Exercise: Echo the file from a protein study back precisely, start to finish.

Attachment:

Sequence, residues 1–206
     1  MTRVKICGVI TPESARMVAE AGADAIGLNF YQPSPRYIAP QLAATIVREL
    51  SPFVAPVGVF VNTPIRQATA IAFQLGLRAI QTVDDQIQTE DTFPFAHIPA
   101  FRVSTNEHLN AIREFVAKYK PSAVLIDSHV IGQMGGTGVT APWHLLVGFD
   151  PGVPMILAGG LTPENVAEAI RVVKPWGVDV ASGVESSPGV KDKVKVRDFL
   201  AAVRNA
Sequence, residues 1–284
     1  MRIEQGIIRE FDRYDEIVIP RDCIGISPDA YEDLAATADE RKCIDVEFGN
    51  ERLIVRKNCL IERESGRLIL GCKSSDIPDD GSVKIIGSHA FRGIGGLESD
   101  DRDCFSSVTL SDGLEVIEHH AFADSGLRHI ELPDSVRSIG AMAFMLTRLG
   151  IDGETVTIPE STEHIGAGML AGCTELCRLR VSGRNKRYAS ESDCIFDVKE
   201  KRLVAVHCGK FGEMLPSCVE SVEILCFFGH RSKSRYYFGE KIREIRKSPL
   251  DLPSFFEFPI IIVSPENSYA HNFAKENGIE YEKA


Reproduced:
Sequence, residues 1–206
     1  MTRVKICGVI TPESARMVAE AGADAIGLNF YQPSPRYIAP QLAATIVREL
    51  SPFVAPVGVF VNTPIRQATA IAFQLGLRAI QTVDDQIQTE DTFPFAHIPA
   101  FRVSTNEHLN AIREFVAKYK PSAVLIDSHV IGQMGGTGVT APWHLLVGFD
   151  PGVPMILAGG LTPENVAEAI RVVKPWGVDV ASGVESSPGV KDKVKVRDFL
   201  AAVRNA
Sequence, residues 1–284
     1  MRIEQGIIRE FDRYDEIVIP RDCIGISPDA YEDLAATADE RKCIDVEFGN
    51  ERLIVRKNCL IERESGRLIL GCKSSDIPDD GSVKIIGSHA FRGIGGLESD
   101  DRDCFSSVTL SDGLEVIEHH AFADSGLRHI ELPDSVRSIG AMAFMLTRLG
   151  IDGETVTIPE STEHIGAGML AGCTELCRLR VSGRNKRYAS ESDCIFDVKE
   201  KRLVAVHCGK FGEMLPSCVE SVEILCFFGH RSKSRYYFGE KIREIRKSPL
   251  DLPSFFEFPI IIVSPENSYA HNFAKENGIE YEKA